Dominican Republic rejects an incursion by armed men from Haiti and calls on the neighboring country to put order in its territory

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A photograph of the situation reported by Dominican authorities.Chancellery

The Government of the Dominican Republic expressed on Thursday its categorical rejection of the incursion by a group of men, some of them armed, which on Tuesday raised tension on the border with Haiti. The Minister of Foreign Affairs, Roberto Álvarez, called on the authorities of the neighboring country to “assume control of order” and assured that “the events in question were initiated by Haitian citizens who broke into Dominican territory digging a trench with the purpose of preventing the work of the border patrols.” “While they were carrying out this action, they lowered and appropriated a Dominican flag that demarcated our national soil,” he added in an appearance in which he exhibited photographs and recordings to document the incidents, which occurred in the area of ​​the canal that Haiti is building in the river Masacre-Dajabón and which the Dominican Republic has denounced as an illegal transfer.

The work, started in 2021, resumed last September and aggravated the crisis between the two countries, which share the island of Hispaniola and are separated by 376 kilometers of border. Luis Abinader's Executive then responded by closing the border, but the situation has now degenerated with what the chancellor described as a "flagrant violation of Dominican territory." Álvarez reported that the group of Haitians also acted with “the support of people carrying firearms, of uncertain institutional affiliation,” since it is not yet known if they belong to any official body.

After what happened, the Foreign Minister spoke with his counterpart, Jean Victor Geneus. He recognized that the incursion was “unacceptable” and sent a brigade to disperse those present. However, on Wednesday a similar episode occurred and “another group tried to destroy pyramid number 13,” one of the 311 border demarcation signs. But what has tightened the rope the most has been a statement from the Haitian Foreign Ministry that, using the testimony of unidentified “observers,” accuses the Dominican Army of alleged territorial violations.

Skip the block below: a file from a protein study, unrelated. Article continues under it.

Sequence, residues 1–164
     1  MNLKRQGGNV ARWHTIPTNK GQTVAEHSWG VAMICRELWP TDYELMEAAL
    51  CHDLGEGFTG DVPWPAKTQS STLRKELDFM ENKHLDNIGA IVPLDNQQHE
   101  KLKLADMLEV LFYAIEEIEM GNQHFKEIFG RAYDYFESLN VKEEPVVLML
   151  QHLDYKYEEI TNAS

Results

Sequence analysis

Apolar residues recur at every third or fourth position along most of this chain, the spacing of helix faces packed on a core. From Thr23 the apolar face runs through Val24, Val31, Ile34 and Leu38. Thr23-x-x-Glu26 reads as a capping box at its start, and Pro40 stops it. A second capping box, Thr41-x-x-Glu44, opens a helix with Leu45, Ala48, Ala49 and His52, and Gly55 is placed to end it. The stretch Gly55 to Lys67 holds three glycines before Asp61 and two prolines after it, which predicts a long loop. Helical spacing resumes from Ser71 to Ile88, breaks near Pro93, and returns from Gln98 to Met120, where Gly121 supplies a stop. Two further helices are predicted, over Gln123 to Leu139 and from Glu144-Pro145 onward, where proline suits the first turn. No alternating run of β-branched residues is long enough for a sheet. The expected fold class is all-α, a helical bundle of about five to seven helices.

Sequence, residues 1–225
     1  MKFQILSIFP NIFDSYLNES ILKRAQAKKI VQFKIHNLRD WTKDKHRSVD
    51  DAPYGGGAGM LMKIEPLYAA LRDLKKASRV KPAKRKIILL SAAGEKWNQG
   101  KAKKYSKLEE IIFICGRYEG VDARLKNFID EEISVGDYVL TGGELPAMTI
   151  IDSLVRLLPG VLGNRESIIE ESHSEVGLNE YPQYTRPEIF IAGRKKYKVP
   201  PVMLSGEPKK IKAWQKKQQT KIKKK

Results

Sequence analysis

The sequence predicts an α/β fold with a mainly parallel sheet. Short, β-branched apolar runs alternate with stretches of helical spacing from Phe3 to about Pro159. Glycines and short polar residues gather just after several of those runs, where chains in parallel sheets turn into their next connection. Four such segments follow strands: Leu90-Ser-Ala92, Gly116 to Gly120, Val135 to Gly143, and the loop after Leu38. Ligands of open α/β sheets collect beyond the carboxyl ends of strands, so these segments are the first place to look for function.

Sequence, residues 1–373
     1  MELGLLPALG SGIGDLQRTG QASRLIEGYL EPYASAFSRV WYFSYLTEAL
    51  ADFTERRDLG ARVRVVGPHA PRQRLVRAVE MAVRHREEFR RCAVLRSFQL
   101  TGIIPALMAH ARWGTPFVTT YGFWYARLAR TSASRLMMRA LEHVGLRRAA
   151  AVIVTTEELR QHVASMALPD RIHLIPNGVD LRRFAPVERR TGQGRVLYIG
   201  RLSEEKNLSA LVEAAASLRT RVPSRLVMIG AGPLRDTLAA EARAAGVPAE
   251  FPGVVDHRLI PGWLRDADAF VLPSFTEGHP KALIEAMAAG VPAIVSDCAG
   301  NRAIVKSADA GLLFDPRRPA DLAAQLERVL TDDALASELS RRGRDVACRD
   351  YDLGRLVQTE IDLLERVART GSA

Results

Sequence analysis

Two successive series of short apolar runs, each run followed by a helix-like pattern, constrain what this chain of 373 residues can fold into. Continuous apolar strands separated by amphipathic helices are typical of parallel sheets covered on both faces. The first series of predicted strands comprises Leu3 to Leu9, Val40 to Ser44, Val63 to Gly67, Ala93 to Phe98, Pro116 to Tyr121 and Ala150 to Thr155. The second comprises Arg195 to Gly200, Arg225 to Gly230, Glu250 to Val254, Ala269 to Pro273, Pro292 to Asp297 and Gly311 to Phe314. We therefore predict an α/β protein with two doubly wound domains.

The Dominican Republic's response is definitive: “The seriousness of these events is very well documented, not by supposed 'observers' mentioned in the Haitian statement, but by video recordings that were widely disseminated on the same day. They show the Dominican military trying to peacefully convince the rapists [del territorio] of his mistake.” “In that statement,” continues the note read by Álvarez, “a manipulative tendency is shown that tries to present the Dominicans as the provocateurs.”

Haiti is a country plunged into a permanent humanitarian emergency that is out of control since the assassination of President Jovenel Moïse in July 2021. The State is on the verge of collapse and the population lives under the yoke of organized crime. In this context, Port-au-Prince authorities often attribute these episodes to uncontrolled sectors. However, Abinader's Government, which reiterated its desire for dialogue, now wonders "if there really is the will to remedy the conflict on the Haitian side."

Roberto Álvarez, who also spoke with Prime Minister Ariel Henry, made “a strong call to the Haitian authorities to assume control of order in their territory and avoid new situations that continue to aggravate the already delicate situation” and requested “a public ratification reporting that they do not question in any way the current delimitation based on the agreements of 1929, 1935 and 1936."

The border has marked relations between the two countries for decades. At the end of October, the Dominican Republic inaugurated the first section of the perimeter fence that it is building to stop the migratory flow and illegal activities. The Foreign Minister emphasized precisely during a speech before the American Chamber of Commerce that “this must be a turning point.” “The porosity of the border that facilitates unpunished crime requires a radical change. It is imperative to build a new border order: democratic, fair and institutional. This means breaking with the harmful private interests on both sides of the border that benefit from illegal smuggling of goods, trafficking of drugs, weapons and migrants, human trafficking and other crimes,” he stated. “We cannot respond to this moment out of frustration. We must make the necessary sacrifices to have an institutional, fair and transparent relationship with Haiti.”

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